The little prince is walking towards the golden snake which he'd asked to fell him, trembling a little, and comforting his friend in the desert:
“You understand… It is too far… I cannot carry this body with me. It is too heavy.”
I said nothing.
“But it will be like an old abandoned shell. There is nothing sad about old shells…”
* * *
How can there be nothing sad about an old shell?
Or perhaps you hate and fear slugs -- you might disagree: an empty shell means another horrible snail has gone to feed a songbird. Old shells could make you pretty damn happy.
Shells totally make me sad.
* * *
"Art is the empty shells we leave behind," I wrote once in a fit of post-adolescent poetry. I was understanding for the first time in my life (How old?!?) how much more wonderful it is to love and listen to people rather than their creations.
Then I bound my life to Gavin’s, he was an artist, too. His works pale, scrubbed pencil, indelible and eternal despite ephemeral materials and their textures of shell, of egg and glass. Never of skin or soil, what I loved best: muskless but perfect, and kind, and thoughtful, with a calm clarity that warmed my every morning.
Art is always empty, and always “always.” Vita brevis, ars longa. Now I finally understand what Wallace Stevens meant: death truly IS the mother of beauty. The flower is only beautiful because it will fade and dry and return to the soil. I could stare at a dahlia forever, but it won’t let me. A wax one? A quick glance is all I need.
* * *
As I watched Gavin on his last day, on his way out, he was so clearly just a shell. It was quite a day. He wasn’t speaking any more. I’m not sure I saw his last really coherent words because as the only ride for all of his and my families, I was there late. They told us to get there as soon as we could.
“There are signs that he’s beginning the dying process, some changes in his body,” she said. The manager reminded me so much of our superthin, professional, pale fertility doctor. “… Color changes.” I could see what she meant: when we got there his hands were mottled with blue and black. He was half a corpse. The evening before I was feeding him lychee flavored ice cream for energy. I was holding the spoon. He got one or two little nips of it before quitting for the night.
NOW. What a word, now. It says so little a time like that, a time I would have had recede forward into the future forever and ever. This frail thing lying on the bed, blue hands, unresponsive, was all that was left of him. I flashed family pictures from my iPod in front of his now-sightless eyes. I played Appalachian Spring (I don’t know why I didn’t think of Patti). We applied wet Q-tips to his lips. (Q-tips were his secret drawing tool, the secret behind the light he gave to paper. Shhhh!!!)
Around noon one of his labored exhalations halted, returned and then turned into my name. “Ohh…. Supa…”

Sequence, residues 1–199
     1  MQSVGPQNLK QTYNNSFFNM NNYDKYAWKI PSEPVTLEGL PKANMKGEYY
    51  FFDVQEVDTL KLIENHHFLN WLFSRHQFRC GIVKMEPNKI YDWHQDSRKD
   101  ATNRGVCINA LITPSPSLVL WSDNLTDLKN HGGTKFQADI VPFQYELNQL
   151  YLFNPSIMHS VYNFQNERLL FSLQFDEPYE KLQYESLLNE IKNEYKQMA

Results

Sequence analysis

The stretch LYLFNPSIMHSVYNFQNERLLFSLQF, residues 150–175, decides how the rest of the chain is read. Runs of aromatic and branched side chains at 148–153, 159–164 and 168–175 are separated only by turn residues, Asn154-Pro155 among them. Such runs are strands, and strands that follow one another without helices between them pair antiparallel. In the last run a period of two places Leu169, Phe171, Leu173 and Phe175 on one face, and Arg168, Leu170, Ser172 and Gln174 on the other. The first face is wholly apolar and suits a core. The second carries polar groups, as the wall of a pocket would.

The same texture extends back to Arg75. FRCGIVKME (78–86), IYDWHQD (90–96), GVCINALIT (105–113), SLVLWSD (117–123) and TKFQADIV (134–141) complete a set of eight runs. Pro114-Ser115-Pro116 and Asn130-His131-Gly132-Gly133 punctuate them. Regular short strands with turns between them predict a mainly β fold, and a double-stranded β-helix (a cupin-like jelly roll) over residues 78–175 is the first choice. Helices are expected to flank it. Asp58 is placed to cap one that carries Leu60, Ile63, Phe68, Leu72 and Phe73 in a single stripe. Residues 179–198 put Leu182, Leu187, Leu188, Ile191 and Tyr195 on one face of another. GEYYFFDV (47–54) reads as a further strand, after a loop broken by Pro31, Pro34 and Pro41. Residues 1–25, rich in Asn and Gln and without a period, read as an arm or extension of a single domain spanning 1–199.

I knew right away what it meant, or what I thought it meant, even though he couldn’t say it. He was telling me, “I’m sorry. I don’t want to do this to you.” I knew he wished he could stay, but he could see at last there was no coming back to here. It was another seven hours before he stopped altogether, but there was nothing left. I didn’t want to stay, didn’t care if I was there for the “sacred job” of seeing him out. The vigil of waiting for the last breath… I’d heard of it. I had a kid in diapers. Once I knew there was no way out, or rather no way back, it’s not that I wanted to leave him, but I would have really loved to have an excuse.
And it wasn’t HIM any more. That body is not my husband. I’m not sure when he really left, or what it was that escaped, shaking, but that solid object there, porcelain and pure, is not him. I’d missed the ritual, invisible, secret, and private, of his passing. The last little bit wouldn’t be the hard part and wouldn’t matter, and definitely not to HIM.
As it was, my little girl was sent home with my sister babysitting. My mother, his mother, one of Nana Margaret’s five adult daughters, who happened to stop by, and a neighbor couple, old friends, who had brought their dog by for “therapy,” craning around the bed like characters in some Dutch painting as his fate wound itself out. The air was tense and white; we were mostly frozen, some holding hands. There was no way out for us either.
I touched one of his elbows above the blanket we'd placed to conceal the macabre color of his paper-sensitive hands. At 7:07 he was gone. His noontime lament had been, or I read it as, an apology and a goodbye, a last call out to a partner who might or might not prove "stronger than you think."
The departure should have been a relief after the breakneck pace of deterioration we’d lived through since autumn.
The knowledge that my husband would die had been dawning for days. Even at that pace – 2 years since we knew? One? A month? (So many things happened those 22 months.) He was in hospice four days, not quite – at that slow pace I was too overwhelmed to even feel sad on that last day.
All there was to do now was to rest.